Background: Food allergy is caused by production of IgE against dietary antigen induced by T(H2) response. IL-12 inhibits T(H2) responses and strongly suppresses IgE production. We have recently established a murine model for IgE production with a predominant T(H2) response induced by feeding antigen.
Objective: We here show a suppressive effect of heat-killed Lactobacillus plantarum L-137, a potent inducer of IL-12, on IgE production against naturally fed antigen in a murine model.
Methods: The ability of L. plantarum L-137 to induce IL-12 production was examined in vitro and in vivo. DBA/2 mice were fed a casein diet and injected intraperitoneally with L. plantarum L-137 from the beginning of feeding or 2 weeks later. Recombinant mouse IL-12 was also injected 2 weeks after the start of feeding. Casein-specific IgE and IgG1 in plasma were determined by ELISA.
Results: L. plantarum L-137 directly induced IL-12 production by the peritoneal macrophages and also stimulated spleen cells to produce both IL-12 and interferon-gamma in vitro. In vivo treatment of L. plantarum L-137 also increased the plasma level of IL-12 in mice. Plasma anti-casein IgG1 and IgE levels were gradually elevated in DBA/2 mice fed a casein diet. Administration of L. plantarum L-137 from the beginning of feeding suppressed the elevation of anti-casein IgE levels, whereas the levels of anti-casein IgG1 were rather augmented by L. plantarum L-137. IL-12 production of the peritoneal macrophages was enhanced, but IL-4 production of concanavalin A (Con A)-stimulated spleen cells was suppressed in the L. plantarum L-137-treated mice compared with control mice fed a casein diet. When L. plantarum L-137 was given from 2 weeks after the start of feeding, anti-casein IgE levels were also significantly suppressed, which was similar to the result found in mice treated with IL-12.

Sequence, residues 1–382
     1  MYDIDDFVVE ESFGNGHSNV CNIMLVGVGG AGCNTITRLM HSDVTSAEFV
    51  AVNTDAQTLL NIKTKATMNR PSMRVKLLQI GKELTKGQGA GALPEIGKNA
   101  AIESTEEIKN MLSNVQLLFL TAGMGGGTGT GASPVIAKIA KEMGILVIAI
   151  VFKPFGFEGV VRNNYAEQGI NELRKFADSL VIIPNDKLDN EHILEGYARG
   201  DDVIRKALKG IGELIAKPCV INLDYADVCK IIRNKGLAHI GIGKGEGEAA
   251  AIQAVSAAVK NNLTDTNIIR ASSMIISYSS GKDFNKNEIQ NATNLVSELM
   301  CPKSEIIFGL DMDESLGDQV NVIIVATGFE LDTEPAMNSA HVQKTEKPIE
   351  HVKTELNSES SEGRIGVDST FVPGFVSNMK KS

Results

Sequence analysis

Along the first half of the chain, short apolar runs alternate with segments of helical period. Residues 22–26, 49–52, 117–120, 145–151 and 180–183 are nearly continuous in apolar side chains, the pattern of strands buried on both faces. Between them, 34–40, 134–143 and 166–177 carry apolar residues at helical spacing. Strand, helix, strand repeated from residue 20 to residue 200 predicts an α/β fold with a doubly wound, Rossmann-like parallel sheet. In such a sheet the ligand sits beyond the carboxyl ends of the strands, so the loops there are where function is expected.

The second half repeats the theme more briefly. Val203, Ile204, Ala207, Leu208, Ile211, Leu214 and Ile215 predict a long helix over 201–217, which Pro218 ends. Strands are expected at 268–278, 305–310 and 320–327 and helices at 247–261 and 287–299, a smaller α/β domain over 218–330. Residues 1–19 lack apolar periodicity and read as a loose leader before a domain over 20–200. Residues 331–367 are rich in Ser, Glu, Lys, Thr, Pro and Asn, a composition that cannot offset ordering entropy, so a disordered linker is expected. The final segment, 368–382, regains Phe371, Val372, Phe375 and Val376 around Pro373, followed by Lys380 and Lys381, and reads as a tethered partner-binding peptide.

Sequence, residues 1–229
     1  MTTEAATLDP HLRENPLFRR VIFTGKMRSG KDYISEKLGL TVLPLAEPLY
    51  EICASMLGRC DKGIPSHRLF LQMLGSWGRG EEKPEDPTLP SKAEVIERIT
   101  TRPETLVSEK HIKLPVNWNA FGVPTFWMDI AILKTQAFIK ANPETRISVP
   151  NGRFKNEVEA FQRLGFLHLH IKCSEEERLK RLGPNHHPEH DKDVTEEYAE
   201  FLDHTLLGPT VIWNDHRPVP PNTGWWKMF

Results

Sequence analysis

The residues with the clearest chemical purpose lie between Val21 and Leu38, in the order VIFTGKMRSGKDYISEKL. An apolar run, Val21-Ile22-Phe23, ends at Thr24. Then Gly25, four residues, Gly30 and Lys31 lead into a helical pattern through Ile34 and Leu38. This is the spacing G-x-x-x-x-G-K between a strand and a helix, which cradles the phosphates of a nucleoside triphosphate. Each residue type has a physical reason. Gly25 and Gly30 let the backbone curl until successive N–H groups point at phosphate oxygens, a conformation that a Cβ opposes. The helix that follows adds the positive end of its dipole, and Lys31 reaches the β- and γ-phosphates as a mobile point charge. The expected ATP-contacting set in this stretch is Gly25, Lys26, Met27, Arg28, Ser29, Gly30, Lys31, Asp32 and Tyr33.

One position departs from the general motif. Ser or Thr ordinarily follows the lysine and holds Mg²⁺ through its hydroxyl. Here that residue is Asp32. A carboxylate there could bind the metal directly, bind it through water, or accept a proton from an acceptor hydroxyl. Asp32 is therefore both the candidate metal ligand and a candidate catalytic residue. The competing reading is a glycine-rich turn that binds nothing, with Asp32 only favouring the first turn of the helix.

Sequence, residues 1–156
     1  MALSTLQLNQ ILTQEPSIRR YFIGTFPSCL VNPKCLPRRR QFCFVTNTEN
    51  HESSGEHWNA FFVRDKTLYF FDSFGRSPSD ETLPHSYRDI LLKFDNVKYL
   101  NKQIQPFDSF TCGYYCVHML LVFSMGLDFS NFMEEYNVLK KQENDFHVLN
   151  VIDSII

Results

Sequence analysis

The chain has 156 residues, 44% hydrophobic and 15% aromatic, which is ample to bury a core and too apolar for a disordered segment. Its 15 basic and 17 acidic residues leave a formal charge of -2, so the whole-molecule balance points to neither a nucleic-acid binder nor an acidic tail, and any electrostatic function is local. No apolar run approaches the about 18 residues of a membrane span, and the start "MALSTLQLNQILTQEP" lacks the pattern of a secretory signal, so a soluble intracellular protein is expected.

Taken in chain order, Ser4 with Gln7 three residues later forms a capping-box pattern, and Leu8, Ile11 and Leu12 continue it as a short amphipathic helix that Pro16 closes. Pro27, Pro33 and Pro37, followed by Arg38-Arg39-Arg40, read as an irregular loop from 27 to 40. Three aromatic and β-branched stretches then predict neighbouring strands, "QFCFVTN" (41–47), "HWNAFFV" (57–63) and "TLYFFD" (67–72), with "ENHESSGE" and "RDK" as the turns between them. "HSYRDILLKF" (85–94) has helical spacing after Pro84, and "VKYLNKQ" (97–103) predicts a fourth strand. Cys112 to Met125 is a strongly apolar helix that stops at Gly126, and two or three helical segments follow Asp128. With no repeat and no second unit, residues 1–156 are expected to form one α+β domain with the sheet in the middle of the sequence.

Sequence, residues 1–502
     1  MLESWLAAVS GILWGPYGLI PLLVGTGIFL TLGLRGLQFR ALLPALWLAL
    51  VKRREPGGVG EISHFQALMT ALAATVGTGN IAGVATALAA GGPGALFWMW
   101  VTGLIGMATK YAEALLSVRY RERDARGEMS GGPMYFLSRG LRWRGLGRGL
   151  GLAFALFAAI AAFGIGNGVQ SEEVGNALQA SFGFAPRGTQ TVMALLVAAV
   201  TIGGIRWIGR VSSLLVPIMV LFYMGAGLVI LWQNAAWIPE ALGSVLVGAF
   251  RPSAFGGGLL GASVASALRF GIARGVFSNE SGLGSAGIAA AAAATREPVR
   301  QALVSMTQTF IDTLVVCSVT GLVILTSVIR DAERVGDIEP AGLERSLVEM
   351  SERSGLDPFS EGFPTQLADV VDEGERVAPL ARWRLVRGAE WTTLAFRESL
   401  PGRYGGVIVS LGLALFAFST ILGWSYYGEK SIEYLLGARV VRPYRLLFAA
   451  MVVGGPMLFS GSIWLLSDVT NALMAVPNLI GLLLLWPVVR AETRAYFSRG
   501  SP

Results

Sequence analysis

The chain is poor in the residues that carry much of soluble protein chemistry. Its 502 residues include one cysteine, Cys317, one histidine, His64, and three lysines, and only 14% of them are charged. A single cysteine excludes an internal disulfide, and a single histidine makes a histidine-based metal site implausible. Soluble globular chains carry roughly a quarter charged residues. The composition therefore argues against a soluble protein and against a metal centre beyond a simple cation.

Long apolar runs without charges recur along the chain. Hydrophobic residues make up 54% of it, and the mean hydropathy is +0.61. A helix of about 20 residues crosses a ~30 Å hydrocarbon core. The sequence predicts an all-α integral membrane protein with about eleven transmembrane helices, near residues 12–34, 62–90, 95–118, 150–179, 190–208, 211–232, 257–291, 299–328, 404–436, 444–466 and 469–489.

Conclusion: Our results suggest that L. plantarum L-137, a potent IL-12 inducer, is useful for prevention and treatment of food allergy.